In other activities, South African violists Renata van der Vyver and Valery Andreev collaborated with pianists Nina Schumann and Malcolm Nay, also South Africans, in a program of works by Vitali, Haydn, Ravel, Benjamin, and Brahms. This program was followed by a lecture-recital featuring the Sonata for Viola and Piano by Stefans Grové, performed by violist Elmarie van der Vyver and pianist Elna van der Merwe. Timothy Deighton (USA, New Zealand) presided over an afternoon open master class and the Rolf Klein String Quartet (SA) performed “Viola Café at the Wijnhuis.” The day concluded with an evening concert that featured new repertoire for viola and large ensembles. David Jason Snow’s Jakarta, for violin, viola, and percussion ensemble, was performed by Penny and Steven Kruse (USA, and to whom the work was dedicated) and a South African percussion ensemble. The evening’s second selection was Stefans Grové’s Concertino for Flute, Viola, and Chamber Orchestra, with South Africans Jeanne-Louise Moolman (viola) and Helen Vosloo (flute) as soloists. Korey Konkol (USA) was viola soloist in João Guilherme Ripper’s Concertino for Viola and String Orchestra and Sheila Browne was viola soloist in the second and third movements of Kenneth Jacob’s Approaching Northern Darkness, a concerto for viola and orchestra. I would be remiss in this commentary on the day’s activities without mentioning the excellent contribution by Finnish conductor Sasha Mäkilä throughout the congress in piecing together superb orchestral accompaniments of virtuoso pieces with little rehearsal time.
The concluding event of the day was another entry in the Hindemith Cavalcade. Paul Elwood reports:
Belying his stern pedagogical/compositional reputation, Hindemith also carried with him a somewhat Bohemian past in which he participated in experimental film and wrote plays for a series of house entertainments between 1913 and 1920. Die Bratschenfimmel (Viola Mania) is one of about eight plays he wrote during this time, a humorous presentation about a man who wished to kill his bank manager/boss with “anti-viola” playing. As per Hindemith’s stage directions, an offstage violist played fragments of Hindemith’s own Sonata for Solo Viola, op. 11, no. 5—intentionally badly. The stage sets were simple, but the acting was very good. Notable in his performance was Michael Segaud, who played Abdul, the disgruntled employee/proponent of “anti-viola playing.” But the whole cast is to be commended for the work they put into staging this hour-long farce.
Sheila Browne performs Kenneth Jacob’s Approaching Northern Darkness,
Sasha Mäkilä conducting
Day four – Carlos María Solare
I chose to start the day with the Hindemith Cavalcade’s latest installment, a talk by Luitgard Schrader on “Hindemith’s love affair with Bach Chaconne.” Drawing on research undertook for her doctoral dissertation, Dr. Schrader convincingly showed the influence on Hindemith of a seminal theoretical work, Ernst Kurth’s Grundlagen des linearen Kontrapunkts. This analysis of Bachian compositional nuts and bolts was published in 1917, just as Hindemith was preparing to write his first unaccompanied pieces for violin and viola. It was fascinating to inspect some sketches for the last movement of op. 11, no. 5 (In Form und Zeitmaß einer Passacaglia) and even more exciting to get to know a “new” piece by Hindemith: a sonata for unaccompanied violin that surfaced only a few years ago in its complete form and has been tentatively given the opus number op. 11, no. 6. Already at first glance, the music distinctly recalls Bach’s Sonatas and Partitas. And yes, Hindemith did have a life-long love affair with Bach’s Chaconne, of which he played countless performances, both public and private, on the violin and on the viola.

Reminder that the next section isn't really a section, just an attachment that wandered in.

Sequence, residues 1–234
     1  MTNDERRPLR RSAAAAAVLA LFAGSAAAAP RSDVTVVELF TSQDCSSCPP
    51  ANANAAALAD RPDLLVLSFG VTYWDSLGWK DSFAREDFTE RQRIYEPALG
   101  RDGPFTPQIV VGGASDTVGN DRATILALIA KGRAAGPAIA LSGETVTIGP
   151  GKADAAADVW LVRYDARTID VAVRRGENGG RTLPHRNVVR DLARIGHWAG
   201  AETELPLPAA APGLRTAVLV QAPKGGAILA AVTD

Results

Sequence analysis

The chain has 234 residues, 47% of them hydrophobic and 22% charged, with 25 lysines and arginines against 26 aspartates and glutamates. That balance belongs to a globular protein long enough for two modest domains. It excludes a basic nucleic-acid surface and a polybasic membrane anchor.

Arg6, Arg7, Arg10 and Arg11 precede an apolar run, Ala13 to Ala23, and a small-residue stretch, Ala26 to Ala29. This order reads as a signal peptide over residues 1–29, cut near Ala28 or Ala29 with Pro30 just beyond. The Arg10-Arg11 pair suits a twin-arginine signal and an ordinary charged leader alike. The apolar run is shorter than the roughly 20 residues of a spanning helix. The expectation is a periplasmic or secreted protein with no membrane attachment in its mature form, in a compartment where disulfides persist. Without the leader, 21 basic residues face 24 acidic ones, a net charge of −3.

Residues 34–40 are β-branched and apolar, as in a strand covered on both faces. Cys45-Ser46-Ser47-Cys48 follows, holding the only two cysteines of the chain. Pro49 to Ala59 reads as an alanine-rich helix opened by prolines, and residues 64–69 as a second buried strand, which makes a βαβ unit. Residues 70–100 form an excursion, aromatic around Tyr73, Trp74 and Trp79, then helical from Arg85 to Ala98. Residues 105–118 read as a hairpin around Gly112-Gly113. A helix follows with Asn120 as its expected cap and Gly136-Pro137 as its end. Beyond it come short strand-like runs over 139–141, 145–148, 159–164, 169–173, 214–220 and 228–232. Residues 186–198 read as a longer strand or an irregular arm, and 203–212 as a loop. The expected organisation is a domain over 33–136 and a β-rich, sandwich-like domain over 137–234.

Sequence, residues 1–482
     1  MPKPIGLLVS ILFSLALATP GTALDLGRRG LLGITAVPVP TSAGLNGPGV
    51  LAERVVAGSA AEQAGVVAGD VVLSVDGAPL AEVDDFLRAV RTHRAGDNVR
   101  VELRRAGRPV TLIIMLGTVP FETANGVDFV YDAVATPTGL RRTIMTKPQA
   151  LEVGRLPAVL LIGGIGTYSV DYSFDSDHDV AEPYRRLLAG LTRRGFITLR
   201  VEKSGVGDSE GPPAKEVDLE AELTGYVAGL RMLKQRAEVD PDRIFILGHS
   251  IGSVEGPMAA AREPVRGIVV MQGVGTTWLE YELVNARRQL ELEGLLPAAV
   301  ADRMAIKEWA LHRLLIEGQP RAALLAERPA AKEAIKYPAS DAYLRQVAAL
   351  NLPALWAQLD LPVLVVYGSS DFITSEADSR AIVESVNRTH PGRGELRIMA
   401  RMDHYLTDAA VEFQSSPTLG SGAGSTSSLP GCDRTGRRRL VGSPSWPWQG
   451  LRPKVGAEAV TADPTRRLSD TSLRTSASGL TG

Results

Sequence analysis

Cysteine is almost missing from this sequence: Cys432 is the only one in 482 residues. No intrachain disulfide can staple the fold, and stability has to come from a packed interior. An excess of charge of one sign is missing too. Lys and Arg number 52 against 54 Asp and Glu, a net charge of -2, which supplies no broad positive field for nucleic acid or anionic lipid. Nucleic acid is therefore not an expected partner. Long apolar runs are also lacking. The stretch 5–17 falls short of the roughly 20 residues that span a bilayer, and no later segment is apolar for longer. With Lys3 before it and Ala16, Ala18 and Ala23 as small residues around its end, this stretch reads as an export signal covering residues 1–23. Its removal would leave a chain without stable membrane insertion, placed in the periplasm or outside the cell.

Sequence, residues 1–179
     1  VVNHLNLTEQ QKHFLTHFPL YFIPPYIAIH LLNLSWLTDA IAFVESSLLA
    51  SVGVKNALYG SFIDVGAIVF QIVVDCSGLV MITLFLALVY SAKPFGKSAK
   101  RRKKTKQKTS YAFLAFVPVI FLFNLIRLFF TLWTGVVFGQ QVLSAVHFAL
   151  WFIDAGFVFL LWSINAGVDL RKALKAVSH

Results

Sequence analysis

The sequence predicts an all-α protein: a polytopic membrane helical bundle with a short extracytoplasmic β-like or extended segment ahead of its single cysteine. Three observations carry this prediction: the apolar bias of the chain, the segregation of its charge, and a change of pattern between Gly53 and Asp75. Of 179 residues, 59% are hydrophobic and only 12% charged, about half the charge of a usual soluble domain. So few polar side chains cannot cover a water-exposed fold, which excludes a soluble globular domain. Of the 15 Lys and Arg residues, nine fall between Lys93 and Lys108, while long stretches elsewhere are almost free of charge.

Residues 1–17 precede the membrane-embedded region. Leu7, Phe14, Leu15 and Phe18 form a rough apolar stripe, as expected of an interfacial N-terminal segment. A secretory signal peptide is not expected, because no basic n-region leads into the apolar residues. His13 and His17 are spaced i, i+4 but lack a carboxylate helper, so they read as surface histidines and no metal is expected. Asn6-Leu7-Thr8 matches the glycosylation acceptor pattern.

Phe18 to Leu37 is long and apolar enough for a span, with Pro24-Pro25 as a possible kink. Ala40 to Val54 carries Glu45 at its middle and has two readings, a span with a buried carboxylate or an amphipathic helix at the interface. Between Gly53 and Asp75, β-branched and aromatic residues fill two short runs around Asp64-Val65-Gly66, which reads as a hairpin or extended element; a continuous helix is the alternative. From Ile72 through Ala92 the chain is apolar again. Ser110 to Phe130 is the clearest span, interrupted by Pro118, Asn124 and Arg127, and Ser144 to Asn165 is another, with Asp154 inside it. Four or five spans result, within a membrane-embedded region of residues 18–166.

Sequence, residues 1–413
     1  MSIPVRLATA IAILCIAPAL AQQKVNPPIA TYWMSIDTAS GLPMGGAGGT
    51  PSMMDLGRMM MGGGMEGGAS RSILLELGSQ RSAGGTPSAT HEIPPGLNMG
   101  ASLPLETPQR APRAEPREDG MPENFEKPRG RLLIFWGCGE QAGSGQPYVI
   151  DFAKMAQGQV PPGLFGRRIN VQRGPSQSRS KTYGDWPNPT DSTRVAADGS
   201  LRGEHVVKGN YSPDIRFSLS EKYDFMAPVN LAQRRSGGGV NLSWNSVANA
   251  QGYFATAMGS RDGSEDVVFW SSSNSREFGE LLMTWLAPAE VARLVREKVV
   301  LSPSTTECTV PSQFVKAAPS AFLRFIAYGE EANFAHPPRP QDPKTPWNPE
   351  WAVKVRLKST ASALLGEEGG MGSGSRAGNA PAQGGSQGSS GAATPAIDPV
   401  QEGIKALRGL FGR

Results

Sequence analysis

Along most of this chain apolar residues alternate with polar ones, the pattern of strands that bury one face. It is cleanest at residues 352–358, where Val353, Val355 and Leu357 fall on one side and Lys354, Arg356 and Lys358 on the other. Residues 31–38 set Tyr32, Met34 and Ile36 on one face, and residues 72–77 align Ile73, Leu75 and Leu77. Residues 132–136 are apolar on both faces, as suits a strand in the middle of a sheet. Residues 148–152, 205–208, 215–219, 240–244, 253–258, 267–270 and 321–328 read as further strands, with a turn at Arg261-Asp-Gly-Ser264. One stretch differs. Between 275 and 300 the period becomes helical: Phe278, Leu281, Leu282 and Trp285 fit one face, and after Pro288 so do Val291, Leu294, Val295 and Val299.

The afternoon concert was dedicated to “Small Ensembles.” Kenneth Martinson presented with Valery Andreev two viola duets from his on-going edition of the viola music by Alessandro Rolla, and—with Wouter Raubenheimer and bass player Henrike Kovats—Telemann’s Partie Polonaise, a rhythmically rocking suite of dance movements. In complete contrast with it was Isang Yun’s atmospheric Contemplation, for two violas, played by Timothy Deighton and Peter Chun with an intimacy that made one forget the hall’s dimensions.
There followed my own contribution to the cause of that beautiful instrument, the viola d’amore. In a lecture-recital, I presented as much organological and historical information as could be crammed into forty-five minutes, ending with a performance of the Rondo from Friedrich Wilhelm Rust’s Sonatina, La Paysanne, in which I was ably assisted by my fellow IVS Executive Secretary, Max Savikangas. After my presentation, I managed to catch the tail end of a most enjoyable recital at the Wijnhuis, today in charge of the Bloemfontein-Bochabela Viola Ensemble, lovingly coached by Jeanne-Louise Moolman.